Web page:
Mobile phones could soon outstrip cards as the most widely used payment methods, research from the Payments Council suggests.
Analysis of spending habits revealed that 91% of cash transactions are under £25, and the use of debit cards has increased fourfold since 2001.
“The Way We Pay” report also showed entertainment spending has risen by over 60%, outstripping the growth in consumer spending by over a quarter.
Spending in restaurants cafés has increased 102%, while pubs and bars have lost out in real terms as spending there increased just 7%.
Unsurprisingly, supermarkets enjoy a higher proportion of overall consumer spending, at the expense of newsagents and DIY stores.
In 2001 just 7% of payments at supermarkets were for petrol, and in 2011 it was 12%.
Adrian Kamellard, Chief Executive of the Payments Council said: “We scarcely notice the steady changes in the way we pay, yet someone in their thirties today will see more change in their lifetime than in the entire history of money. Even recent innovations such as payment via a mobile phone, which ten years ago some felt to be science fiction, will soon be commonplace. The 2000s were the decade of the debit card. The 2010s are likely to be the decade of the mobile phone.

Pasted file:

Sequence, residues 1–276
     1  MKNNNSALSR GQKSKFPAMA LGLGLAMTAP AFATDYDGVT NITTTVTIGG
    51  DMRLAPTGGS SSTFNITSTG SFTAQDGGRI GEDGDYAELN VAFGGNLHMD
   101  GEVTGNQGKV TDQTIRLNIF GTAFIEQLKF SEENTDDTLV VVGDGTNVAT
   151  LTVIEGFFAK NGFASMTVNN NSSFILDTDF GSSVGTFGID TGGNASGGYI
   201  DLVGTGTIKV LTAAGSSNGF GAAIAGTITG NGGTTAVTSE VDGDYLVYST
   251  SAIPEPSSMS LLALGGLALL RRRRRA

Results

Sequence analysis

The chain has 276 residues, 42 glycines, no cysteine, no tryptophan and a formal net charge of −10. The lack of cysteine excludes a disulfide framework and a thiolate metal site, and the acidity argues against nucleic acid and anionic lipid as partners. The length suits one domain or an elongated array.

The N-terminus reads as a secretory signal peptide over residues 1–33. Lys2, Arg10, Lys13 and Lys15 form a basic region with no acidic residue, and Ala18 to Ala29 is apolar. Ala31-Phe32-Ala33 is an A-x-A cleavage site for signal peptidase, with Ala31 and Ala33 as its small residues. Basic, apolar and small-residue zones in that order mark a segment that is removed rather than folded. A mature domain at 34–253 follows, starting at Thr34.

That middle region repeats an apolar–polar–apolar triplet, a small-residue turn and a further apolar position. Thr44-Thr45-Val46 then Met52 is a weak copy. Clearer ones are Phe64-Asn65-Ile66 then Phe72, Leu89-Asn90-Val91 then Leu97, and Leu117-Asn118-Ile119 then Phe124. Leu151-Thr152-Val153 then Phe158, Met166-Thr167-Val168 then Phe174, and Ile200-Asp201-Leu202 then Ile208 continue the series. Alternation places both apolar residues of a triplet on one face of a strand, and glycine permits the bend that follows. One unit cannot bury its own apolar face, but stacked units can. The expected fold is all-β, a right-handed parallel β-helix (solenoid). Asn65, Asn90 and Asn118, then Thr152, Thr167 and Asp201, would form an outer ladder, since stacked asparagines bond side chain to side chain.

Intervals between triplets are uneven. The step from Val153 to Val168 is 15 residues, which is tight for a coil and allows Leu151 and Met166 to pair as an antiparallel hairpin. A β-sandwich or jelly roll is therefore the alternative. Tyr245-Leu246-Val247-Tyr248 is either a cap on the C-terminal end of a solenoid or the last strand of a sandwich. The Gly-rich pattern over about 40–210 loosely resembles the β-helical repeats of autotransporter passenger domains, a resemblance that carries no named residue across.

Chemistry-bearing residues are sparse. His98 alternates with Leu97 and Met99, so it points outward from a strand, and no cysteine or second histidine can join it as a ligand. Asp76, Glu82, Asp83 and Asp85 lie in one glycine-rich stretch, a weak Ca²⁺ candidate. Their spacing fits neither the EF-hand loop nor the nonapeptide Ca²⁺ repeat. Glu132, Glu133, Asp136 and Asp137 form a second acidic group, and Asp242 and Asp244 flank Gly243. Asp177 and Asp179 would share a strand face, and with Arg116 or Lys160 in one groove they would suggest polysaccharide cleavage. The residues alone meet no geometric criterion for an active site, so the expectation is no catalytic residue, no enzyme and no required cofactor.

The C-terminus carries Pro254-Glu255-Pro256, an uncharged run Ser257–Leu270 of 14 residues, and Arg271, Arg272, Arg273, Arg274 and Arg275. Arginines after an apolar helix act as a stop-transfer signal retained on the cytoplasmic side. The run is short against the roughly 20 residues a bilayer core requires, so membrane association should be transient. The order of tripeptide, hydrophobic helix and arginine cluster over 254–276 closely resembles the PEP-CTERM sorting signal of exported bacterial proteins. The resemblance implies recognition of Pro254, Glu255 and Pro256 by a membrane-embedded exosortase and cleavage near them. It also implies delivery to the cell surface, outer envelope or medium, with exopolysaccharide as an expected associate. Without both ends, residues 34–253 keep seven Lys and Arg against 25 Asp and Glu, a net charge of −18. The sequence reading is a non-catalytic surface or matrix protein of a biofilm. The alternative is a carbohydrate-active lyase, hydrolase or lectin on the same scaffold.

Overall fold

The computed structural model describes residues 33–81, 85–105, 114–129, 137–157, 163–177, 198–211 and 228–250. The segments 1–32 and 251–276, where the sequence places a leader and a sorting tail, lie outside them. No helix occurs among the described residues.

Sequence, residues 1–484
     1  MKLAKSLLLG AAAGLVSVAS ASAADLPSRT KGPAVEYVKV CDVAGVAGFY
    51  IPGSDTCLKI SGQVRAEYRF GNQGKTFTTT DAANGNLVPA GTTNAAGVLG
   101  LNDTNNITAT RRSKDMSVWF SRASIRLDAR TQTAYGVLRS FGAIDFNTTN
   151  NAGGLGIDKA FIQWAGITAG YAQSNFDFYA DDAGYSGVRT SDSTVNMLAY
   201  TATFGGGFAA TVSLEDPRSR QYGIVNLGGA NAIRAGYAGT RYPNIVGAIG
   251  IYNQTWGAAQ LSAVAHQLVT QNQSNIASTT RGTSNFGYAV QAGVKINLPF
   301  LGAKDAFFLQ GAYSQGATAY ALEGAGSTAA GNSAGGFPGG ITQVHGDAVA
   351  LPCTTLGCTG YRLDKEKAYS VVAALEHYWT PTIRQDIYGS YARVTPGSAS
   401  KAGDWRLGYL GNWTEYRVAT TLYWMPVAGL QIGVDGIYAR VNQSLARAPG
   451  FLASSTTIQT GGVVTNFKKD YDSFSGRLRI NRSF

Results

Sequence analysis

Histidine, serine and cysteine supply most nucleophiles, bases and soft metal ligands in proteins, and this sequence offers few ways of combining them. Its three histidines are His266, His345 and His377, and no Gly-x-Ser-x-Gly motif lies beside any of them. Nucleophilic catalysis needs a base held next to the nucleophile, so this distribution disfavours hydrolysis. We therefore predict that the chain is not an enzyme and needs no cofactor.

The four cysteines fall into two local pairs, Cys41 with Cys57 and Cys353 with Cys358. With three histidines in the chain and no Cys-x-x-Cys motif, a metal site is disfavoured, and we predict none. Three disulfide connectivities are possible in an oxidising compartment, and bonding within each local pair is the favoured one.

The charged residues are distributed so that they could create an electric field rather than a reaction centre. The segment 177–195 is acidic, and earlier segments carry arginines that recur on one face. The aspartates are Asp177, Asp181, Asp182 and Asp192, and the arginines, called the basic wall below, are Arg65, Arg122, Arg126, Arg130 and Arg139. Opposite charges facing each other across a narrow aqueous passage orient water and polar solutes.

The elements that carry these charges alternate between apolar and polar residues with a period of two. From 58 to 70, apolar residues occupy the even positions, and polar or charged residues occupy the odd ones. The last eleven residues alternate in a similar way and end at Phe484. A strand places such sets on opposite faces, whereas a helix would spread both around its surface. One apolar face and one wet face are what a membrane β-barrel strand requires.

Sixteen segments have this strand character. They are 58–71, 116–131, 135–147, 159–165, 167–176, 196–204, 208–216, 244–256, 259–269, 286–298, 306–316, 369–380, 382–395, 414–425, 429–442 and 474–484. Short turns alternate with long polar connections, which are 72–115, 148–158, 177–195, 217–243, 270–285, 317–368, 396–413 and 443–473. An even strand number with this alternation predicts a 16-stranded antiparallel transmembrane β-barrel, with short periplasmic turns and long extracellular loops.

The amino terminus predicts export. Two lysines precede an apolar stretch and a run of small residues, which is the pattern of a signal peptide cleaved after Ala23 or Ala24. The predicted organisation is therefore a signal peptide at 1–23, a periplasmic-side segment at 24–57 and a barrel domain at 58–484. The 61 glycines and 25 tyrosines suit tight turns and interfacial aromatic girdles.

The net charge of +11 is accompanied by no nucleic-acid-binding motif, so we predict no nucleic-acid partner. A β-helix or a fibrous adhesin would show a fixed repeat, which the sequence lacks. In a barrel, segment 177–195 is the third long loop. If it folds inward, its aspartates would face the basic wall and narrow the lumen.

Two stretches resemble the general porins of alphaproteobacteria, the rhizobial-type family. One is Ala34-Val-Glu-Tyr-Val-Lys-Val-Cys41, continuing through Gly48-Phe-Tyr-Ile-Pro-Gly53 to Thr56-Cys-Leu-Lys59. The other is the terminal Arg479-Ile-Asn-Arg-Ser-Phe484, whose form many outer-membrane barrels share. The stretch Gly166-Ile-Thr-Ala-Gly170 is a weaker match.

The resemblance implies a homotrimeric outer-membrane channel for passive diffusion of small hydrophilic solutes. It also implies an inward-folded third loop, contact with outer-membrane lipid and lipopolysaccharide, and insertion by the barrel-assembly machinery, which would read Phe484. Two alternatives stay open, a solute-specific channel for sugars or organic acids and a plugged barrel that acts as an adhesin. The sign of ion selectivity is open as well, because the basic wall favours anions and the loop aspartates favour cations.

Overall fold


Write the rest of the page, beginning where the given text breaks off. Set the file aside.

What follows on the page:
“Just as we can’t imagine how we ever did without the internet, many people will soon wonder how we used to be so dependent on cash and cheque. Twenty years from now even cards may seem archaic. The quiet revolution in payments has enabled the creation of whole new industries such as e-shopping, it has changed our behaviour, and it has reduced transaction costs, and increased the speed and efficiency with which we can all pay each other.
“The next ten years will see even faster change. It’s easy to imagine a future where we merely pat our pockets for our keys and phone. The wallet could become a historical curiosity.”